With that in mind, we wanted to build an application that handled that. As a result, when you now make a phone call to a parent or a guardian [with Dash], you know exactly the relationship with the scholar. Before you call, you have a list of everything that you said to that parent before, so you get an idea of what the tone of this conversation should be. And you get a very clear picture of whether you’ve been making positive or negatives calls beforehand, so you can make sure that your call is going to be taken the right way, and so that you can make more of those positive calls.
Because of the difficulty of tracking down the right number—and because of the difficulty of having to deal with so many students’ families you need to keep in touch with—teachers are making a lot of negative calls instead of a lot of positive calls. We’ve created a system that gives you a lots of incentives and a lot of nudges towards making those positive calls.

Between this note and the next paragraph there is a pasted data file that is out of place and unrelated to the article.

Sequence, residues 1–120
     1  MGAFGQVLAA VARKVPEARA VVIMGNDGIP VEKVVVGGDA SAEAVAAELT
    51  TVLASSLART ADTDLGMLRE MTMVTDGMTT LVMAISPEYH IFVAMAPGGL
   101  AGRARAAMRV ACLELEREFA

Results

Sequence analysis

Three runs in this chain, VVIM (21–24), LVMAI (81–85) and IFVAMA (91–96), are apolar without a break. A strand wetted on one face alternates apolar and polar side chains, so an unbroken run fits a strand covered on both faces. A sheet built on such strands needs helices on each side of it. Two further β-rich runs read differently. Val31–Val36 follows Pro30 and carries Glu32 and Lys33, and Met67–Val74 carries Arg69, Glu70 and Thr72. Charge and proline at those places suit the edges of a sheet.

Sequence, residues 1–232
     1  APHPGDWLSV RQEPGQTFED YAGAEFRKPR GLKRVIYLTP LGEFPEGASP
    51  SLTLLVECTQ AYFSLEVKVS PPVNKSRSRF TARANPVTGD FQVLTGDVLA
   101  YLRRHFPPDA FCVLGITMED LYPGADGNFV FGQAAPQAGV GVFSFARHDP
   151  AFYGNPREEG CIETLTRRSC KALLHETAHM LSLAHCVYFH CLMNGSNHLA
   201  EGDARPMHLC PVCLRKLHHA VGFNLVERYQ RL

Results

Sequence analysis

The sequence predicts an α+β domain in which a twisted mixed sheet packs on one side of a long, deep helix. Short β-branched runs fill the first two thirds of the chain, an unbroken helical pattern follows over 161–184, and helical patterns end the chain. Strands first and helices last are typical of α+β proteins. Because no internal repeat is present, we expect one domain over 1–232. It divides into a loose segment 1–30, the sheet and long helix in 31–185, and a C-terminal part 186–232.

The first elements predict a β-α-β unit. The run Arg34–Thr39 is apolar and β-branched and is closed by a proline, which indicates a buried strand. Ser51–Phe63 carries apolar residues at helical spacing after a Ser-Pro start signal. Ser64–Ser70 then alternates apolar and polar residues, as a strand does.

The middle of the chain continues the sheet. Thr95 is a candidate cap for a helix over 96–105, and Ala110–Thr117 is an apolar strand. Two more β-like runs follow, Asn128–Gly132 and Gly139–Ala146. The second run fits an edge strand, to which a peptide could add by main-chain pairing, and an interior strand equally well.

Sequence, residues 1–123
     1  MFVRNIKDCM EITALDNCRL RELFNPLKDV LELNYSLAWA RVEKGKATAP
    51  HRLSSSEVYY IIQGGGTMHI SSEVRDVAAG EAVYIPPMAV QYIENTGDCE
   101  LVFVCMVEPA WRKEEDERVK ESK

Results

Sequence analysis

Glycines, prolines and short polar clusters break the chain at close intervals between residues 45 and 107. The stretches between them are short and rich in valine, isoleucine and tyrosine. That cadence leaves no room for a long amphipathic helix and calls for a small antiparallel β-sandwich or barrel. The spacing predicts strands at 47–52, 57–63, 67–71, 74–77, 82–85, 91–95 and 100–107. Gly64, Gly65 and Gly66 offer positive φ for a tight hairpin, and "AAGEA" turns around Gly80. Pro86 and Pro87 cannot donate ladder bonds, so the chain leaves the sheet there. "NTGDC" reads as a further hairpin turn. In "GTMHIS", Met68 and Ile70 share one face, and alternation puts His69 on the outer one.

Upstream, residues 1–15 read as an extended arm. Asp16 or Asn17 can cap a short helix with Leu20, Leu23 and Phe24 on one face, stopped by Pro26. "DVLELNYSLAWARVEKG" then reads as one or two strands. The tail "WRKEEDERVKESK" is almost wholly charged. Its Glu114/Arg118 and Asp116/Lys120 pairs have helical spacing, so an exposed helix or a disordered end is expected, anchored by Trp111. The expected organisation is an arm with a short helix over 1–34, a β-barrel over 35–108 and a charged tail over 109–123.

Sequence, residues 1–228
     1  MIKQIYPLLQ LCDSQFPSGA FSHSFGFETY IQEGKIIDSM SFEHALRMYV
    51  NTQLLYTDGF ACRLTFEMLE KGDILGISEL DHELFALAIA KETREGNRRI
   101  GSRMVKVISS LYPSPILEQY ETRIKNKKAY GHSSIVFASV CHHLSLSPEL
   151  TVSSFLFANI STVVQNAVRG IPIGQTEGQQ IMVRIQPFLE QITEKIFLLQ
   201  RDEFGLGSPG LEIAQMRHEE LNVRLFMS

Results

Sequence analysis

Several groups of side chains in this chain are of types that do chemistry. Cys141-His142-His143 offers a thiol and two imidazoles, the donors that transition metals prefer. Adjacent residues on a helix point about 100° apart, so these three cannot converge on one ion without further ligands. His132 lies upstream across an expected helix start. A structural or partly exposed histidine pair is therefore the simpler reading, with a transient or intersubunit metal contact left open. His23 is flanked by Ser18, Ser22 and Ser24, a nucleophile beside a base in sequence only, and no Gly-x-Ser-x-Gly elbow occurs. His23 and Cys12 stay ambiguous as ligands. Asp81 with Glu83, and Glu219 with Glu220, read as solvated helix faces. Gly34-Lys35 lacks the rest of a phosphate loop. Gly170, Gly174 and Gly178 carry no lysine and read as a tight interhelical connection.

What are some positive outcomes that you’ve seen as a result of using this app?
We’re seeing a couple of different types of teachers being particularly receptive. The first thing that we’re seeing is that for a special education teacher, a product like Dash is really incredible because they can log and track the data from every call they make, which is extremely important to them—both for the documentation purposes and for serving their special education students properly. We’ve gotten a lot of feedback from that particular subset of teachers that this has been a really transformative tool for them.